A classic example in cryptography is authenticated encryption (AE): we want to encrypt the data to provide encryption, and we want to MAC the data to ensure integrity. But which construction should we use: MAC-then-Encrypt (MtE), Encrypt-then-MAC (EtM), or Encrypt-and-MAC (EaM)? It turns out that not all constructions are secure[K01] (in a sense to be defined in a moment) [BS, Chapter 9. Authenticated Encryption, pages 347ff].

To build secure constructions, one has to prove that they are indeed secure. But what does that mean to prove security of a construction? And, while we're at it: what does "secure" mean? That's where it starts to get interesting, and this is probably the point where cryptography as science was born: one has to define "secure" and only with a precise definition of the intended property can a construction be proven to meet that property.

Defining "secure" is surprisingly non-trivial and all but obvious. It all depends on the threat model, i.e. on the powers that we are willing to concede to an attacker. E.g.: is the attacker a passive eavesdropper, or can she insert, modify, re-route, delete, duplicate, re-order, or replay messages in-transit? Does she have the ability to conduct a chosen plaintext attack, or even a chosen ciphertext attack? What kind of computational power could she harness at most if she were a state actor?


xkcd 538

Just like there ain't no right or wrong definition of "secure" (after all, definitions are per definitionem always true), there ain't no one-fits-all definition of "secure". Why is that so? That's because the definition of a threat model is basically the interface between theory and practice, between our mathematical models and the real world. Coming up with a sensible theat model is difficult, and to err on the side of caution, cryptographers almost always concede more powers to the adversary than what she could ever hope to apply in the real world. To wit: assuming that an adversary can execute all polynomial-time computations, but no exponential-time computations, is unrealistic in practice as, depending on the exponent, even polynomial computations could take more time and space than the whole universe (unless she happens to have access to Deep Thought or an oracle), but is still a useful, widely used conservative assumption that gives a lot of safety margin.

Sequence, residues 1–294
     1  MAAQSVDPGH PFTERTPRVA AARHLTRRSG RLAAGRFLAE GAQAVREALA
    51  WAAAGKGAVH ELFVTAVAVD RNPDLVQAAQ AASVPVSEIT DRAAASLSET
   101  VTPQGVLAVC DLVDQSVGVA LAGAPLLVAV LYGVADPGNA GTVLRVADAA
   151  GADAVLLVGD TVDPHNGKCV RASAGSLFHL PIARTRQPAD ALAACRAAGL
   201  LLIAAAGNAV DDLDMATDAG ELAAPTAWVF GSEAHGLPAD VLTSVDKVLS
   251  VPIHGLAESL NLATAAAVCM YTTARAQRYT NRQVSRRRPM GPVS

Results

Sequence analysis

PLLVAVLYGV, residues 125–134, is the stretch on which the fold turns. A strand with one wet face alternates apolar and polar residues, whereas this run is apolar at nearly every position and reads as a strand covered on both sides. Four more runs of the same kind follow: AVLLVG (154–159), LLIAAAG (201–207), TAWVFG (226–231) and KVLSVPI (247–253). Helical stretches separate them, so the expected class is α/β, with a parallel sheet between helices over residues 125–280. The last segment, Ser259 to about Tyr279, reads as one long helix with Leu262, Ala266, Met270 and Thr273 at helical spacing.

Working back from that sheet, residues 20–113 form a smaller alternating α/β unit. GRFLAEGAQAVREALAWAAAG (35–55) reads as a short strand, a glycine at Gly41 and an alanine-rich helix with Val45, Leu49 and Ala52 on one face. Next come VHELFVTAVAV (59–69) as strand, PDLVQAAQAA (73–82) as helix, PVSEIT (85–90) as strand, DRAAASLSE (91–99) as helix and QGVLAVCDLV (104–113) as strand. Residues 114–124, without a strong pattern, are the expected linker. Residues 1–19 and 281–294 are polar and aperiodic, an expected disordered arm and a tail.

“O Deep Thought computer," he said,
"the task we have designed you to perform is this.
We want you to tell us...." he paused, "The Answer."
"The Answer?" said Deep Thought. "The Answer to what?"
"Life!" urged Fook.
"The Universe!" said Lunkwill.
"Everything!" they said in chorus.
Deep Thought paused for a moment's reflection.
"Tricky," he said finally.
"But can you do it?"
Again, a significant pause.
"Yes," said Deep Thought, "I can do it."
"There is an answer?" said Fook with breathless excitement.
"Yes," said Deep Thought.
"Life, the Universe, and Everything.
There is an answer.
But, I'll have to think about it."
-- Douglas Adams: The Hitchhiker's Guide to the Galaxy

To the naive reader, modern cryptography may have lost much of its appeal and charm: what's the fun of tinkering with cryptographic building blocks, while being required to come up with proofs every step of the way? Isn't that tedious? Isn't that boring? Keeping in mind that lives and our whole civilization literaly depend on the reliability of cryptographic constructions, isn't it too big a sacrifice to spend a little time and effort up-front? The rewards are immense and have worldwide impact. You won't want your local nuclear power plant's core components, your highly sensitive pieces of industrial machinery, or your high-tech health-care equipment at the hospital to be controlled by some poorly designed buggy (or sabotaged) software. Why would you settle for less when it comes to cryptography? To the newcomer, it takes some time to get used to modern cryptography. But it soon becomes second nature, and then the real fun begins.